On or before the 120th day preceding a presidential primary election the Secretary of State shall publicly announce and distribute to the news media for publication a list of the candidates he or she intends to place on the ballot at the following presidential primary election. Following this announcement he or she may add candidates to his or her selection, but he or she may not delete any candidate whose name appears on the announced list.”

    I would therefore not trust anything Longwell says about any state or any election law as accurate.

  9. Unfortunately now that patriotic, respectable conservatives have largely been purged from the party, she’s probably right. The GOP has been taken over by its alt-right white nationalist faction. It might be a while before this once-great party nominates another candidate with the integrity and decency of, for instance, John McCain.

    But assuming Mueller somehow fails to remove Drumpf from office, any Democrat will beat him in 2020. Incumbent Presidents simply do not get reelected in economies this bad.

    1. They haven’t been taken over by the alt-right nationalists. But they have let them back into the tent.

      1. Name 3.

      2. The left now views anybody to the right of themselves as “alt-right nationalists”, while wondering what the big deal is about associating with admitted Marxists and anti-semites with a history of fomenting deadly riots.

  10. Oh, they will. Why do people think that the Dems are lining up candidates publicly already but you’re not hearing a peep out of potential R candidates?

    And its not because Trump is a great President. Its because he’s actually not so bad that anyone else looks good enough to overcome the ‘incumbent bump’ in votes.

    1. Trump is by a lot of objective measures better than the last two Presidents we had. And both of them won re-election.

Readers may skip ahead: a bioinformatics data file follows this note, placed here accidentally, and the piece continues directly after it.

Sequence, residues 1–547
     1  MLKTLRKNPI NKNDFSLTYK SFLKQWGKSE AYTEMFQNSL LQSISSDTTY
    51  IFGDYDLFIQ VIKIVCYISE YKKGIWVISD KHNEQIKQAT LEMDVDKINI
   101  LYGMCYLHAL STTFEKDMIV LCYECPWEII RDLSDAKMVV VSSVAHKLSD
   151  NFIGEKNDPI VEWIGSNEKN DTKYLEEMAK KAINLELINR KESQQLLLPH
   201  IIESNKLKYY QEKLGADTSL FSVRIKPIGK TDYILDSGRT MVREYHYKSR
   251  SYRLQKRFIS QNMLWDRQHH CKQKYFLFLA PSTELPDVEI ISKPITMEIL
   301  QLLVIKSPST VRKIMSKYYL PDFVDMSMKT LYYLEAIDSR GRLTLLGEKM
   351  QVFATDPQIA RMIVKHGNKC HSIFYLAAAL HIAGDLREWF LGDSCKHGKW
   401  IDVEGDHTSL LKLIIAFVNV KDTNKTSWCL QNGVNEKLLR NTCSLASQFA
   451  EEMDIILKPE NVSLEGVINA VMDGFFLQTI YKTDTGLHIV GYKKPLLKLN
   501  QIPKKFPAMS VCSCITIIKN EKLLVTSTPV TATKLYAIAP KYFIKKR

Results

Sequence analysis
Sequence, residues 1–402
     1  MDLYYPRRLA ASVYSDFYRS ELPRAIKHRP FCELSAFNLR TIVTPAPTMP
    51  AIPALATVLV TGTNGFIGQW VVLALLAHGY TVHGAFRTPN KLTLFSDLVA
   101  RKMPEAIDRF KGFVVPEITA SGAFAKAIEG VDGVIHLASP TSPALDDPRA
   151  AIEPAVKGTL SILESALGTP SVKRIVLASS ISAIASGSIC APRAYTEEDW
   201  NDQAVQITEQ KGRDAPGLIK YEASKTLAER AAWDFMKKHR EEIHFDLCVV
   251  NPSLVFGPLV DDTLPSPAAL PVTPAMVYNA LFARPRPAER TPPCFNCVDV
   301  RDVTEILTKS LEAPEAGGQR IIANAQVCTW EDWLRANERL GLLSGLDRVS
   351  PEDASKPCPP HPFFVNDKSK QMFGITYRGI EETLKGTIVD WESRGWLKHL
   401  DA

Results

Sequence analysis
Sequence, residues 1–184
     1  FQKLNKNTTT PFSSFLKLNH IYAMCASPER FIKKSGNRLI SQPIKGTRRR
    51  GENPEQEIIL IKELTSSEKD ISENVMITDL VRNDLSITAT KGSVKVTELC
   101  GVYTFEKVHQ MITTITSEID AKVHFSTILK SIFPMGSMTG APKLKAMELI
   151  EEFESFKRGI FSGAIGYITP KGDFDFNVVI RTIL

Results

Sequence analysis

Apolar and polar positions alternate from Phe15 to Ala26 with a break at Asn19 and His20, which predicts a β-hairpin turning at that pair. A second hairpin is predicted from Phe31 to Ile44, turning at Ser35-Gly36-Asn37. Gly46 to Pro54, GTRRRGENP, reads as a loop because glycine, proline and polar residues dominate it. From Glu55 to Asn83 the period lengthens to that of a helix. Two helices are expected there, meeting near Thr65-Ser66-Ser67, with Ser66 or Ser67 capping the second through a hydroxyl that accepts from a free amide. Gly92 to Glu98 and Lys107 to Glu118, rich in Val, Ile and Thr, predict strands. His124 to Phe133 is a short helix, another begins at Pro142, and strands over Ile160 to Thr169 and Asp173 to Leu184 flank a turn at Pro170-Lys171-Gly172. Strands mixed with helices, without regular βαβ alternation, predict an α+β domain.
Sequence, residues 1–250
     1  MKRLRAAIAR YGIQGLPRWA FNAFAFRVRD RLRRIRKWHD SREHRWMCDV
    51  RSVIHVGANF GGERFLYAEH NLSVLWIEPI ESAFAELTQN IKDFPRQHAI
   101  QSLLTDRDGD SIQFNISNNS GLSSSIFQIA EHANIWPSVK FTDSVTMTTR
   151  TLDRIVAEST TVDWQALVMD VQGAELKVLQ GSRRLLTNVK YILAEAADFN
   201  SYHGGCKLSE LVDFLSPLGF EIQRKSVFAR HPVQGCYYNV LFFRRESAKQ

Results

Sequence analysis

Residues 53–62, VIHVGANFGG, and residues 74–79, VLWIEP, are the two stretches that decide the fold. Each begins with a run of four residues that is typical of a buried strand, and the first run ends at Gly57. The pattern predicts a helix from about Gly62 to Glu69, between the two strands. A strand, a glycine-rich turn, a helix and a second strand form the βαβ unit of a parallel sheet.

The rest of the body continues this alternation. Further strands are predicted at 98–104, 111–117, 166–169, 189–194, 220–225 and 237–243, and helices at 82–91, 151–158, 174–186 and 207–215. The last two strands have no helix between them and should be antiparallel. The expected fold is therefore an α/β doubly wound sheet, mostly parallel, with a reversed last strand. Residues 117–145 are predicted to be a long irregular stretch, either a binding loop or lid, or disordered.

1. LOL

        It doesn’t bother you he colluded with a hostile foreign power to cheat his way to victory in a hacked election?

        1. Not as much as Obama directly supporting a hostile power in Iran and destroying the nation of Libya for no particular reason.

        2. The two are unrelated. He can simultaneously have colluded with Russia on … something i guess. and still be doing a good job as president.

          Hes actually been MUCH better than I feared he would be. I’m pleasantly surprised.

        3. Does it not bother you that you keep regurgitating this same lie without a single bit of proof.

      2. Trump’s going to win because the Democrats still don’t have a clue. Trump won’t have a viable party challenger because the party has chased away anyone who isn’t worshipping Trump. The only possibility is to find someone who can promise gun turrets on the wall.

        1. The GOP ceded the field to him on trade and immigration. And they stil can’t figure out how he won. They don’t call them the stupid party for nothing.

        2. Trump is going to win because the Democrats aren’t going to put up a centrist candidate. They lost in 2016 because Hillary didn’t appeal to blue collar voters in WI, MI, OH, and PA. The current front-runner Dems are worse than Hillary in that regard.

          The only name I’ve heard from Democrats that has much of a chance of beating Trump is Biden, because he would carry 3 of the 4 states I listed.

          1. I don’t think the Democrats want to win. They increasingly remind me of the Republicans in 2011. After the Republicans retook the House in 2010, they realized that not being in charge or responsible for anything was a pretty good deal. They could rant and rave and tell their base all the wonderful things they would do if only that God damned Obama wasn’t President and quietly steal and collect campaign donations from the rubes while not actually having to do anything or be held accountable if anything went wrong. It looks to me like the Democrats have come to the same conclusion. Trump being President allows them to run investigations and grand stand and make absurd promises to their crazier supporters knowing none of it will ever ben enacted and they will never have to worry about the consiquences. I bet the Democrats run a lunatic in 2020 and make a half hearted effort to win. If they lose again 2020 after running a full on leftist, they can tell their lunatic base that they need to knock it off for a while fi they ever want to get back into power.

            1. I don’t know how intentional it is vs the extreme leftists not realizing that they don’t have a good national platform.

              Honest question for you: Would you be concerned if they nominated Biden? I personally think he’s got the best chance (maybe only chance) of beating Trump out of the current crop of candidates.

              1. I think Biden would be by far their strongest candidate because he was VP under Obama and while I don’t like Obama even I have to admit the world didn’t end when he was President.